On February 4, a crowd of hundreds gathered in front of the Tower Theatre in Roseville, California, where the Republican Representative Tom McClintock was hosting a town hall meeting. The line to get inside “snaked around the building,” NPR reported, and once the venue filled up, those who weren’t let in stood outside, holding signs that read “Resist” and “Do Your Job, Represent Us All.” Inside the meeting, the mood was tense: Attendees took McClintock to task for his support of President Donald Trump, asking how he can square his duties to his constituents while backing proposals to roll back the Affordable Care Act and other protections.
In recent years, town hall meetings–a chance for elected officials to interface directly with people in their districts–had faded into something of a nonentity: The New York Times reported in 2013 that “people from both parties say they are noticing a decline in the number of meetings. They also say they are seeing congressional offices go to greater lengths to conceal when and where the meetings take place.” In times of relative political stability, that makes sense. But since the change of administration just weeks ago, constituents across the U.S. are again searching for a way to engage directly with the democratic process.
As it turns out, such opportunities can be hard to find. “There’s no standard format for information about these meetings being posted. Sometimes, they won’t even be posted online; you have to call your congressman to find out when they’ll be hosting an event,” says Nathan Williams in an interview with Co.Exist. Williams, along with a core group of progressive, former political organizers, is one of the founders of Town Hall Project, a volunteer-based initiative working to aggregate all upcoming congressional forums nationwide.
Jimmy Dahman, who worked for the Clinton campaign in Ohio, got the idea for the Town Hall Project in the days leading up to the inauguration, when he tuned into CNN and happened to catch a clip of Rep. Mike Coffman, a Republican from Colorado, sneaking out the back door of his office hours to avoid confronting the large crowd of Obamacare advocates that had gathered to meet with him. It was a powerful demonstration of how far face-to-face democracy has strayed from being responsive to its constituents, but for Dahman, seeing that crowd of people got him thinking: What would happen if every congressional meeting drew such crowds? Would elected officials actually start listening?
When Dahman floated the idea to Williams of a crowdsourced list of all congressional forums, “our first impulse was to think, surely, this must exist,” Williams says. But it didn’t, so the small group began putting out calls to their networks, asking for volunteers to tackle a few congressional districts each, and update a constantly growing Google Doc with each meeting. So far, more than 100 volunteers have come on board the project. A team of developers are building a website in preparation for what Williams believes will be a long-term, sustained activist effort.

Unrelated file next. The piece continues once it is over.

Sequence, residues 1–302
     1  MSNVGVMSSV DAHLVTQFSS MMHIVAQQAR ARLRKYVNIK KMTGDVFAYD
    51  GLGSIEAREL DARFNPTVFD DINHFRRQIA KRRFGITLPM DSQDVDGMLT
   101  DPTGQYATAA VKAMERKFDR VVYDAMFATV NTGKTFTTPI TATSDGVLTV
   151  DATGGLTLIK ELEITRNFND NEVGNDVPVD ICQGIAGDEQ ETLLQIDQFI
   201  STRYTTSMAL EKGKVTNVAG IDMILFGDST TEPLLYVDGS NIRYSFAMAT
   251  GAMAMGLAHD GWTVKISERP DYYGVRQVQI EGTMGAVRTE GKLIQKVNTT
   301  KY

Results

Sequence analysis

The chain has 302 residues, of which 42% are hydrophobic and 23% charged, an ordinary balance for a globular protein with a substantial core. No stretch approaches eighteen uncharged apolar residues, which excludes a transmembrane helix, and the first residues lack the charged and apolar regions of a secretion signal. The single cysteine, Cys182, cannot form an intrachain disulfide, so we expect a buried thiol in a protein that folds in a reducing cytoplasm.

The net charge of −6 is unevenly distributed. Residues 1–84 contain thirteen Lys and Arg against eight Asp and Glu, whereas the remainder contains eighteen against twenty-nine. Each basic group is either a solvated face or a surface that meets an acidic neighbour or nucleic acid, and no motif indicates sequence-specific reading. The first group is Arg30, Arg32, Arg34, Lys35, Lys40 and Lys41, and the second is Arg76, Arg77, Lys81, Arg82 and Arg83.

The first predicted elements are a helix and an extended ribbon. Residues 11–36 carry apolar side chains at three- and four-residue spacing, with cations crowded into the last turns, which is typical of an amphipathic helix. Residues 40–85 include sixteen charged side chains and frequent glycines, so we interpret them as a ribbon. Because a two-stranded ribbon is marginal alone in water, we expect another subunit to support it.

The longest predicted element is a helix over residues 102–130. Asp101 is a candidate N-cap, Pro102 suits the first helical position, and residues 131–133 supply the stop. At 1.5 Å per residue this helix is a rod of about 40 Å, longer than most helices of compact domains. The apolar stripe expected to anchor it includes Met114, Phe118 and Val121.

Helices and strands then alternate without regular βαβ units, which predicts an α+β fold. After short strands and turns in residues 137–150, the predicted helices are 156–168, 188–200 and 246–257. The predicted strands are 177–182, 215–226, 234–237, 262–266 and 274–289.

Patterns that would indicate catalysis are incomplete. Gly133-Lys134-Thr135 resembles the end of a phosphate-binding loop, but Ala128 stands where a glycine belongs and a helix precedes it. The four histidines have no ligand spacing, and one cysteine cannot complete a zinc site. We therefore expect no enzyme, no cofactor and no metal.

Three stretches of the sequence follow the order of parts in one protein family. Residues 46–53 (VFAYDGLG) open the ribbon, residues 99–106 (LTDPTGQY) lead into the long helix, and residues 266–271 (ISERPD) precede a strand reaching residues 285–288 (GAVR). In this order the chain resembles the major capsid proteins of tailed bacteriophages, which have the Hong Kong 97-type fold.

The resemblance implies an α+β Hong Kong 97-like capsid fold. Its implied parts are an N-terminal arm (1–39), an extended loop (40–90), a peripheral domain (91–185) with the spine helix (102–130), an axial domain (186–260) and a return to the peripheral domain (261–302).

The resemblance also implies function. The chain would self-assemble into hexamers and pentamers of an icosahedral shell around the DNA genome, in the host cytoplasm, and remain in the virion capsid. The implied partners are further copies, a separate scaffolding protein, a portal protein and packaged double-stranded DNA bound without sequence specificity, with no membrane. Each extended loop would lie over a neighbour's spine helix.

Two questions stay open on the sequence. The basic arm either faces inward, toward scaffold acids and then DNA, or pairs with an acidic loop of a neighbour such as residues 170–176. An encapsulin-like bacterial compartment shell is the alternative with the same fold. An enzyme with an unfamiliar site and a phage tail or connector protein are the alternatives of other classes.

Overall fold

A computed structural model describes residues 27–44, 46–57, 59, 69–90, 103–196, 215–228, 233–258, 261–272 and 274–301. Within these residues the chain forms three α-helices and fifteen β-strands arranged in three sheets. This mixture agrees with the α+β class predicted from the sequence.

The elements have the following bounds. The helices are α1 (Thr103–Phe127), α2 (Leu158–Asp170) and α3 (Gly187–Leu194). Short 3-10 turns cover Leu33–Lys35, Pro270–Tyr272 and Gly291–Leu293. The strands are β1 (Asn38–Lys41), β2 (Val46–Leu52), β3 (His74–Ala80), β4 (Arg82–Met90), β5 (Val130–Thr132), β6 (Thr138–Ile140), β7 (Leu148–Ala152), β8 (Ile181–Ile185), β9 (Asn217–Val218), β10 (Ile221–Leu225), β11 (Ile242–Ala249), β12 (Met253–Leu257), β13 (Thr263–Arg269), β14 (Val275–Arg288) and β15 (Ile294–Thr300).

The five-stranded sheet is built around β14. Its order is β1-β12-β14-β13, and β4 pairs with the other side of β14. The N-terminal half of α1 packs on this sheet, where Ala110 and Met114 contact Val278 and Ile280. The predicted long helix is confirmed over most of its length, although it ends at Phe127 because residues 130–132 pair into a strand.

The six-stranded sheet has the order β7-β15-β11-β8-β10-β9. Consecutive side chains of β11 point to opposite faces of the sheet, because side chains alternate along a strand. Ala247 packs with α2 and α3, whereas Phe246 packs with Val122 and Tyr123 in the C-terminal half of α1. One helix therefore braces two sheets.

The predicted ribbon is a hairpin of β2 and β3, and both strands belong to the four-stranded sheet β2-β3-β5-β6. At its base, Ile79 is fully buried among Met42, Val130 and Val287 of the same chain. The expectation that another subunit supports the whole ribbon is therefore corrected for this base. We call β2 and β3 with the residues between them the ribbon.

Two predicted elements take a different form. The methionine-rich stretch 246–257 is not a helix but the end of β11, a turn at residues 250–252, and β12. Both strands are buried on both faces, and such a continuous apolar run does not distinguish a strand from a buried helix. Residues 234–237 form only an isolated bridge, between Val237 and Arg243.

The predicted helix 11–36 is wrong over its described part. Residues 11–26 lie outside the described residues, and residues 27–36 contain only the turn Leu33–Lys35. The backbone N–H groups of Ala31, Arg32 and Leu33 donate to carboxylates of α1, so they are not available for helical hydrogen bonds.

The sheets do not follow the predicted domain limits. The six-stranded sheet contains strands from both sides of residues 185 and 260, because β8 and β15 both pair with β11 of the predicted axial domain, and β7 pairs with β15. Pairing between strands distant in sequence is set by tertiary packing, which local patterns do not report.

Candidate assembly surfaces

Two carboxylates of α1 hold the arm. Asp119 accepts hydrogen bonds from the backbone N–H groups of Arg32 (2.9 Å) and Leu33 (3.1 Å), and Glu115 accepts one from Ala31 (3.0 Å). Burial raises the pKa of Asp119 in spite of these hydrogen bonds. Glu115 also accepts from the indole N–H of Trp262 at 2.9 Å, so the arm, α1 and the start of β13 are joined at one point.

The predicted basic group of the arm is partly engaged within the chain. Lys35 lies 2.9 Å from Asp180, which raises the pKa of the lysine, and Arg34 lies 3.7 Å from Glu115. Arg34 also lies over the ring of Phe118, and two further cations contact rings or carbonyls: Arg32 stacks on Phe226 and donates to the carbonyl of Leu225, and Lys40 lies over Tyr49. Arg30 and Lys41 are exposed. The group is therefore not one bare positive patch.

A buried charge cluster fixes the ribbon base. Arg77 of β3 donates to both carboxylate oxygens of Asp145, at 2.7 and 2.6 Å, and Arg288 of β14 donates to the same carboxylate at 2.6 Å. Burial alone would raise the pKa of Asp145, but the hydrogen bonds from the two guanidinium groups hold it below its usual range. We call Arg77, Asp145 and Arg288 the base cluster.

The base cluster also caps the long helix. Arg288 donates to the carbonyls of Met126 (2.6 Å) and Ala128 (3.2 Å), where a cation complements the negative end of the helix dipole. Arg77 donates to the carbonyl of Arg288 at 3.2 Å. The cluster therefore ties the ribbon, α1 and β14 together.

“This is unlike any time I’ve ever seen, where the energy is really coming from the ground up,” Williams says. Perhaps ironically, the most recent precedent for this kind of community-level activism was in 2009, when right-wing Tea Party protesters descended on liberal town halls to object to the Affordable Care Act. Now, however, the momentum is coming from the left. A group of former congressional staffers, in much the same way, developed and circulated the Indivisible guide: a practical Trump-agenda resistance blueprint in which they “reveal the best practices for making Congress listen.” The Town Hall Project is an attempt to provide activists with consistent outlets for their cage-rattling.
The organizers have tapped a rich vein of interest. In Utah, a town hall for Rep. Jason Chaffetz on February 9 saw more than 1,200 people mark “attending” on Facebook, and more than 3,000 were “interested.” (For contrast, those numbers for a town hall that the congressman hosted in August 2016 were 22 and 13, respectively). Meetings have become so fraught for lawmakers–particularly Republicans–that many have taken to canceling them altogether, with nearly 200 cancellations recorded so far. This has prompted angry constituents to hold them anyway, without their representative present.
Though Williams doesn’t attribute the increased attendance at meetings to the Town Hall Project’s work, he does see the organized resource and the increased involvement in local politics working hand-in-hand. “By creating this resource, we are actively encouraging people to get out and go to their town halls,” Williams says. “Go to your member of Congress and tell them what matters to you, whether it be health care or civil liberties. Whatever the issue is, you have more power than you think to influence national politics.”
Find your representative’s next town hall with the Town Hall Project Town Hall Tracker.